A better babymaking business? Georgia-based sperm bank Xytex promises greater transparency after controversy

The Augusta-based company announced it would become the first United States sperm bank to limit how many births can come from new donors

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Xytex Cryo transparency

Photograph by RubberBall Productions via Getty Images

One year after Atlanta magazine investigated what a court has since called the “repugnant” alleged business practices of Xytex Cryo International, the Augusta-based sperm bank—one of the largest and oldest in a largely unregulated industry—is promising to change.

On Wednesday, the 43-year-old company announced it would become the first United States sperm bank to limit how many births can come from new donors. Xytex also said it would prohibit anonymous donors, expand genetic carrier testing for more than 280 conditions, and provide more adult photos of donors.

This comes in the wake of the revelation that a mentally ill man named Chris Aggeles, also known as #9623, donated sperm at Xytex over a period of 14 years, fathering at least 36 children. On his application to Xytex, he had denied any history of mental illness. But the truth—according to court records—was that he had been diagnosed with bipolar disorder and schizophrenia with “significant grandiose illusions.”

There is no federal law that requires sperm banks to do background checks or cap the number of births from one donor. The U.S. Food and Drug Administration—which provides the only oversight of the sperm bank business—requires that banks test samples for communicable diseases like HIV and some genetic conditions. In the last year the FDA added one more rule: Banks must seek out “relevant medical records” from donors. So sperm-banking is, largely, an unregulated business. And a business it is; though Xytex and its competitors look like medical providers, they are primarily engaged in the buying and selling of a product.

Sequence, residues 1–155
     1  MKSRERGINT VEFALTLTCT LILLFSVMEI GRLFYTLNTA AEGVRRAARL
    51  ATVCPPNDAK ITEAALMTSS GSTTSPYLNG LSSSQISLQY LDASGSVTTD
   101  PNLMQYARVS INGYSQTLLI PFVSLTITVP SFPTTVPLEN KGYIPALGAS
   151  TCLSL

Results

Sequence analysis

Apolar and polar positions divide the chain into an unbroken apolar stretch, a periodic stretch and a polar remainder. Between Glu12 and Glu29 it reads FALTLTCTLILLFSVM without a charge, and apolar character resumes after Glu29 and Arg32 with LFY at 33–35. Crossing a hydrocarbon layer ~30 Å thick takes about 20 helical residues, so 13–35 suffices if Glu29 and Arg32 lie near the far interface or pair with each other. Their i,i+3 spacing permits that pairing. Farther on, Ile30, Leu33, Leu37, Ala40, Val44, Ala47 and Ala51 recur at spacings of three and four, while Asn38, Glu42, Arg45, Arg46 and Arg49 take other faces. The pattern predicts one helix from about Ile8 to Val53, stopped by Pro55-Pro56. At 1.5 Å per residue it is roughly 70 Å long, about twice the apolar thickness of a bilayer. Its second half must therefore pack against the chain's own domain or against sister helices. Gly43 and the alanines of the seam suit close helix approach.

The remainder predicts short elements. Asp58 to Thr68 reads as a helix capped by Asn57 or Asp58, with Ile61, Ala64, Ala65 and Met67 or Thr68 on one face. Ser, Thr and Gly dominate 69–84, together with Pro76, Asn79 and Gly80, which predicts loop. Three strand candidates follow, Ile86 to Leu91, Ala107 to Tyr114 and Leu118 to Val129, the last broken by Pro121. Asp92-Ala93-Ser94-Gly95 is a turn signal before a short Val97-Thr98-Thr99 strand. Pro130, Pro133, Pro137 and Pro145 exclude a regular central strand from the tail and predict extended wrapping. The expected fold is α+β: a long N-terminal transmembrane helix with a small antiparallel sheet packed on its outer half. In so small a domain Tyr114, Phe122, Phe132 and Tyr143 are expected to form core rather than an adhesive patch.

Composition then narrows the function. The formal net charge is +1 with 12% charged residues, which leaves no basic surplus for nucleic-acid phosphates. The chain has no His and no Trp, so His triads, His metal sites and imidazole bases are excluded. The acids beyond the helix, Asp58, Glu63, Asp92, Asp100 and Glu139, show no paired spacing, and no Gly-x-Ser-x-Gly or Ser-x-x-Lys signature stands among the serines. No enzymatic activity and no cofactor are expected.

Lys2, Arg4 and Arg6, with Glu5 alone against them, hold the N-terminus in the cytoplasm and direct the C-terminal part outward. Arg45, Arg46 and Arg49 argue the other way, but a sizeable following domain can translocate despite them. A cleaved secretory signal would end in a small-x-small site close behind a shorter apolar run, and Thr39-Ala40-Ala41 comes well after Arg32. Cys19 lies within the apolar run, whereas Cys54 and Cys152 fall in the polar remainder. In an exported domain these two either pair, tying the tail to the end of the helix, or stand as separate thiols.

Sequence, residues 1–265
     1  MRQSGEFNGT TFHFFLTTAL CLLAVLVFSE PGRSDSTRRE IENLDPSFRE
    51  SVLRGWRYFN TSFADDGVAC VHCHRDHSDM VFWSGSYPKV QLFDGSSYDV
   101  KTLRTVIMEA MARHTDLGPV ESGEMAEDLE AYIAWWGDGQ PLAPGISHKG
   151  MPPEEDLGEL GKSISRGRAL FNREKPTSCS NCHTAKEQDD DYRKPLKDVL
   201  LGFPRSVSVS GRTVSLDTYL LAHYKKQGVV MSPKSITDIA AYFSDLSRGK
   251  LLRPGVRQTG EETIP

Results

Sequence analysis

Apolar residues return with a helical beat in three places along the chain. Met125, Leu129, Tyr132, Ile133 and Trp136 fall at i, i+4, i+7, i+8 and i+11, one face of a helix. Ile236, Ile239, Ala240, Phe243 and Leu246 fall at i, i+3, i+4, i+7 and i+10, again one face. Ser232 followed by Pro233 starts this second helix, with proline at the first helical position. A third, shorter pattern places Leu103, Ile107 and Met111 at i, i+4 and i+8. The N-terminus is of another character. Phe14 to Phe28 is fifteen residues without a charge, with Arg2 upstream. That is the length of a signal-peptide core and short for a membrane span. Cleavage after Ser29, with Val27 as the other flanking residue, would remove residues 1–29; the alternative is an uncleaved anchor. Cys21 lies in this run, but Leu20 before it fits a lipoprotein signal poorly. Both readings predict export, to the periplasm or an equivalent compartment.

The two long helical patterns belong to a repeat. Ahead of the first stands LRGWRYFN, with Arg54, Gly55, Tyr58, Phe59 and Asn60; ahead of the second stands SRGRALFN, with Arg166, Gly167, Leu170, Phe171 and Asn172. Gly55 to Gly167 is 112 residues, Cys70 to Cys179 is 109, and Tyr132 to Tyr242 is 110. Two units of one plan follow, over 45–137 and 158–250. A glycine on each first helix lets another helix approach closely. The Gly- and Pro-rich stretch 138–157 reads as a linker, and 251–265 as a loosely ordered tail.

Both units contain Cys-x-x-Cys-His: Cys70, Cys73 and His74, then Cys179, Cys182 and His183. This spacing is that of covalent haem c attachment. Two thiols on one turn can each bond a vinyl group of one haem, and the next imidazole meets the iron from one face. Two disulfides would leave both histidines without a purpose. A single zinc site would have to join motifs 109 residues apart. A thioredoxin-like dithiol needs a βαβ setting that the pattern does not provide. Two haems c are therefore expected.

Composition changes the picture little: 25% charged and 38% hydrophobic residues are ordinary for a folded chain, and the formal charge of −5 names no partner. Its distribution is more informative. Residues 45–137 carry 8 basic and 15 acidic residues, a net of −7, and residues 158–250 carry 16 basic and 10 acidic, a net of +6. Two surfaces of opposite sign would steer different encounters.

Aggeles’ mental health condition was mistakenly shared in 2014 by Xytex with some of the purchasers of his sperm. This set off a series of more than a dozen lawsuits, all of which have been settled or dismissed.

In a February opinion from the U.S. Court of Appeals for the Eleventh Circuit, three Circuit Court Judges said they were “deeply troubled” by Xytex’s alleged conduct and described it as “reckless, reprehensible, and repugnant”—but not illegal.

The Court reiterated earlier court findings that the lawsuit was a “wrongful birth claim,” which is not recognized in Georgia. Typically, a wrongful birth claim alleges that a medical professional’s negligence deprived a mother of the opportunity to make an informed decision about whether to carry a baby to term—or to get pregnant at all.

Xytex did not reference any of this in its new press release, which described the company’s new Transparency+ program as “unparalleled” and “groundbreaking.”

The company is “excited to be driving the standard of sperm banking both in the United States and across the globe,” Dr. Joan Diamond, Vice President of Clinical Operations at Xytex, said in the release. “A pledge like this has yet to be seen within the sperm banking industry, and we fully stand behind not only our promise of transparency but also the unrivaled quality of our product.”

Do you have a story to share about the sperm bank business, Xytex, or Donor #9623? Please contact the author at cvandusen@atlantamagazine.com.

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